Natural Hazards

, Volume 61, Issue 3, pp 1463–1472 | Cite as

Meteorological factors affecting the speed of movement and related impacts of extratropical cyclones along the U.S. east coast

Original Paper

Abstract

The speeds of historical cool-season extratropical cyclones along the U.S. east coast, hereafter East Coast Winter Storms (ECWS), occurring during the period from 1951 to 2006 were computed. Average storm speed was 13.8 ms−1 with stronger storms generally moving faster than weaker storms and faster storms forming during the midwinter months (December–March). There was no clear trend in ECWS speed during the time period, although considerable season-to-season variability was present. The monthly and seasonal variations in storm speed could not be attributed to the El Niño-Southern Oscillation or North Atlantic Oscillation (NAO) alone. However, the speed of ECWS was considerably slower when both El Niño and the negative phase of NAO occurred simultaneously. Characteristic patterns in the upper levels of the atmosphere, specifically 300 hPa zonal winds and 500 hPa geopotential heights, were present during periods when ECWS speeds were among the slowest (and separately fastest). For slow storm speed, these patterns also prevailed during months in which El Niño and negative NAO phase occurred. These patterns were also present during months with extended runs of high oceanic storm surge. This provides a qualitative link between the atmospheric conditions associated with slow storms and potentially high coastal storm surge impacts. Among the prime consequences of ECWS speed are extended periods of high storm surge, mainly due to slow-moving storms. The sustained high tidal levels often lead to substantial damage caused by coastal flooding, overwash, and beach erosion.

Keywords

East coast winter storms Storm speed Storm surge Climatology Nor’easters NAO and ENSO teleconnections 

Notes

Acknowledgments

The authors would like to thank Brian Belcher for his invaluable technical assistance. Work on this paper was completed at the Northeast Regional Climate Center, with support from NOAA Contract EA133E−02-CN-0033.

References

  1. Colle BA, Rojowsky K, Buonaito F (2010) New York City storm surges: climatology and an analysis of the wind and cyclone evolution. J Appl Meteorol Clim 49:85–99CrossRefGoogle Scholar
  2. Davis R, Dolan R, Demme G (1993) Synoptic climatology of Atlantic coast northeasters. Int J Climatol 13:171–189CrossRefGoogle Scholar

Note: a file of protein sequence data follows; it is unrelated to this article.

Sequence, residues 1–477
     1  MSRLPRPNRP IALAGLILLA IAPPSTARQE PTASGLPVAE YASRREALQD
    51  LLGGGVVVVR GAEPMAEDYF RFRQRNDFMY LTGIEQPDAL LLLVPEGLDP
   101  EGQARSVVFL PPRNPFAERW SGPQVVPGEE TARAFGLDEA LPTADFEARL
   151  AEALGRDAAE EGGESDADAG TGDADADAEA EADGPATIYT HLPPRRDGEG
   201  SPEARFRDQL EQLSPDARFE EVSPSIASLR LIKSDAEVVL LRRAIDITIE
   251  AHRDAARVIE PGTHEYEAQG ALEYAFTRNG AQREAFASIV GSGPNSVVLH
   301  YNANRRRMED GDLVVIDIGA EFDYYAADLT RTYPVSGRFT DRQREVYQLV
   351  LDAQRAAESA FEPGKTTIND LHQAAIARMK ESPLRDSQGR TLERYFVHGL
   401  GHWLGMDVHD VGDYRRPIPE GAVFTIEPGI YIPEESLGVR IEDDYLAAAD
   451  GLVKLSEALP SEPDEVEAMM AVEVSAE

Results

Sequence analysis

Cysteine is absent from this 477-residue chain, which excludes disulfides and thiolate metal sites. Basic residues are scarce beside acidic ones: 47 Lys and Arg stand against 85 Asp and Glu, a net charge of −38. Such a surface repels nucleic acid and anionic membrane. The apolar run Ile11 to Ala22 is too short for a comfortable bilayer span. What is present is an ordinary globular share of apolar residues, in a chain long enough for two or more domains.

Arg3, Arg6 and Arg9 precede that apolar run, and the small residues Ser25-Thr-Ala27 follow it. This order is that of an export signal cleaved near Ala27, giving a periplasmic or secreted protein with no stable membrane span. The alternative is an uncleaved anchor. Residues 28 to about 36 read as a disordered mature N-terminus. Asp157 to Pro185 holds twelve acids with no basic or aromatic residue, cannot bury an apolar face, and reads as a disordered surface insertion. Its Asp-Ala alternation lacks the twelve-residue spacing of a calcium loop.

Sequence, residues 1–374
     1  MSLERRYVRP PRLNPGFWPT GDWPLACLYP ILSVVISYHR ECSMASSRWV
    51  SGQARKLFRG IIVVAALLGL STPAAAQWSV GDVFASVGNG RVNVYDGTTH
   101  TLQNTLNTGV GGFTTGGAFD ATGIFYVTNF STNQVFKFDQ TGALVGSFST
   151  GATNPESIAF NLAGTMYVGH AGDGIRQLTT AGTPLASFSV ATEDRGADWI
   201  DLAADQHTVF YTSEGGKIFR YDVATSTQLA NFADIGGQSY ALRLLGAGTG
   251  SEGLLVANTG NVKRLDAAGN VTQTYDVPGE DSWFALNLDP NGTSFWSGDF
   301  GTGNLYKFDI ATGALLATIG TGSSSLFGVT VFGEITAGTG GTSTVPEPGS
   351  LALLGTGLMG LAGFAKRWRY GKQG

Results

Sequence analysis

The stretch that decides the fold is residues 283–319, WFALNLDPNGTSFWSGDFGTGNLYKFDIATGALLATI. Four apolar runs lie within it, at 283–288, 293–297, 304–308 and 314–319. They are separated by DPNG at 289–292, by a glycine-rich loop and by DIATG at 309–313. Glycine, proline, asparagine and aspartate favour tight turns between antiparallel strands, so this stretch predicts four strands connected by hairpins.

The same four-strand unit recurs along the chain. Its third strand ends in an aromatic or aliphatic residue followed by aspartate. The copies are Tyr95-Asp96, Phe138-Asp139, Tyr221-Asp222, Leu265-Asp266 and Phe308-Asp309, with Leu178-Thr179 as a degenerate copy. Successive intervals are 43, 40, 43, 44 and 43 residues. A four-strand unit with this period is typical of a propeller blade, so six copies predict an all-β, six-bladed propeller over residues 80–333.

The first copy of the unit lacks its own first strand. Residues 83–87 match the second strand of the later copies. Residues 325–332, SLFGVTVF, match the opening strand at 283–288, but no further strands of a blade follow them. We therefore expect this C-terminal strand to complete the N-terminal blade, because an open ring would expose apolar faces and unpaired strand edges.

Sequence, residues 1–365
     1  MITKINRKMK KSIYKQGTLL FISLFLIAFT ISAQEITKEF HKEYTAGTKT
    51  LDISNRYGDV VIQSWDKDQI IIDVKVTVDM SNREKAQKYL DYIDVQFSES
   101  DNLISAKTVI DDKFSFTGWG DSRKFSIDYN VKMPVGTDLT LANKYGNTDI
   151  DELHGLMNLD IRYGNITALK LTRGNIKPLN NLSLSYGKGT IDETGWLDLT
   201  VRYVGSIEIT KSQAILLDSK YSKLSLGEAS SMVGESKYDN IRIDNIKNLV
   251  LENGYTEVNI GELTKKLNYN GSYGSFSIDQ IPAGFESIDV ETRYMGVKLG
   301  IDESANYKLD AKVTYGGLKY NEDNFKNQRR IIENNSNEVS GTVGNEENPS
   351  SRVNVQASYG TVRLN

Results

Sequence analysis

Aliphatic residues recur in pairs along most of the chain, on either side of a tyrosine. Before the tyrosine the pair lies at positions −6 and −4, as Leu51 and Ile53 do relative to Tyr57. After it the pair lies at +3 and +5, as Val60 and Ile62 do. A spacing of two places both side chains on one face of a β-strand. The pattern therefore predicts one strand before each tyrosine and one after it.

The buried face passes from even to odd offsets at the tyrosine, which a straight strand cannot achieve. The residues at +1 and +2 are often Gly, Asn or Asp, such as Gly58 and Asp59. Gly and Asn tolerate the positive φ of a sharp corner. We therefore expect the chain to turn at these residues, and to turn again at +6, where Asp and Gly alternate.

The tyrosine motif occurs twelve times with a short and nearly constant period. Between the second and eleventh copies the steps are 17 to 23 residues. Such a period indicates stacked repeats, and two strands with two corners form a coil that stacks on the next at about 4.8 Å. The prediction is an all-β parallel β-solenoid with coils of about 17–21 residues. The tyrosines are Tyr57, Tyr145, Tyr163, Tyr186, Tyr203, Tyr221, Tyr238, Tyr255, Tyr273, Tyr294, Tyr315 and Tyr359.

3. Dolan R, Davis R (1992) An intensity scale for Atlantic Coast Northeast Storms. J Coast Res 8:840–853Google Scholar
  4. Dolan R, Davis R (1993) Nor’easters. Am Sci 81:428–440Google Scholar
  5. Eichler T, Higgins W (2006) Climatology and ENSO-related variability of North American extratropical cyclone activity. J Clim 19:2076–2093CrossRefGoogle Scholar
  6. Frankoski N, DeGaetano A (2011) An East Coast winter storm precipitation climatology. Int J Climatol 31:802–814CrossRefGoogle Scholar
  7. Gergis J, Braganza K, Fowler A, Mooney S, Risbey J (2006) Reconstructing El Niño Southern Oscillation (ENSO) from high-resolution palaeoarchives. J. Quart Sci 21(7):707–722CrossRefGoogle Scholar
  8. Halverson J, Radenhorst T (2010) Mega-snow in the megalopolis: the Mid-Atlantic’s Blockbuster winter of 2009–2010. Weatherwise 63:16–23CrossRefGoogle Scholar
  9. Hameed S, Shi W, Boyle J, Santer B (1995) Investigation of the centers of action in the Northern Atlantic and North Pacific in the ECHAM AMIP simulation. In: Proceedings of the 1st international AMIP science conference WCRP-92, Monterey, California, pp 221–226Google Scholar
  10. Hirsch M, DeGaetano AT, Colucci SJ (2001) An east coast winter storm climatology. J Clim 14:882–899CrossRefGoogle Scholar
  11. Hubeny JB, King JW, Reddin M (2011) Northeast US precipitation variability and North American climate teleconnections interpreted from late Holocene varved sediments. Proc Natl Acad Sci 108:17895–17900CrossRefGoogle Scholar
  12. Huo Z, Zhang D, Gyakum J (1998) An application of potential vorticity inversion to improving the numerical prediction of the March 1993 superstorm. Mon Weather Rev 126:424–436CrossRefGoogle Scholar
  13. Kalnay E et al (1996) The NCEP/NCAR 40-year reanalysis project. B Am Meteorol Soc 77:437–471CrossRefGoogle Scholar
  14. Mesinger F, DiMego G, Kalnay E, Mitchell K, Shafran PC, Ebisuzaki W, Jovic D, Woollen J, Rogers E, Berbery EH, Ek MB, Fan Y, Grumbine R, Higgins W, Li H, Lin Y, Manikin G, Parrish D, Shi W (2006) North American regional reanalysis. Bull Am Meteorol Soc 87:343–360CrossRefGoogle Scholar
  15. Ramsey K, Leathers DJ, Wells DV, Talley JH (1998) Summary report: the coastal storms of January 27–29 and February 4–6 1998, Delaware and Maryland. Delaware Geological Survey Open File Report No. 40 http://www.dgs.udel.edu/sites/dgs.udel.edu/files/publications/OFR40.pdf
  16. Shabbar A, Huang J, Higuchi K (2001) The relationship between the wintertime North Atlantic oscillation and blocking episodes in the North Atlantic. Int J Climatol 21:355–369CrossRefGoogle Scholar
  17. Teng H, Washington WM, Meehl GA (2008) Interannual variations and future change of wintertime extratropical cyclone activity over North America in CCSM3. Clim Dyn 30:673–686CrossRefGoogle Scholar
  18. Thurman HV (1983) Essentials of oceanography. Merrill, Columbus, OHGoogle Scholar
  19. Zhang F, Davis CA, Kaplan ML, Koch SE (2001) Wavelet analysis and the governing dynamics of a large-amplitude mesoscale gravity-wave event along the east coast of the United States. Q J R Meteor Soc 127:2209–2245CrossRefGoogle Scholar

Copyright information

© Springer Science+Business Media B.V. 2012

Authors and Affiliations

  1. 1.Department of Earth and Atmospheric Sciences, Northeast Regional Climate CenterCornell UniversityIthacaUSA

Personalised recommendations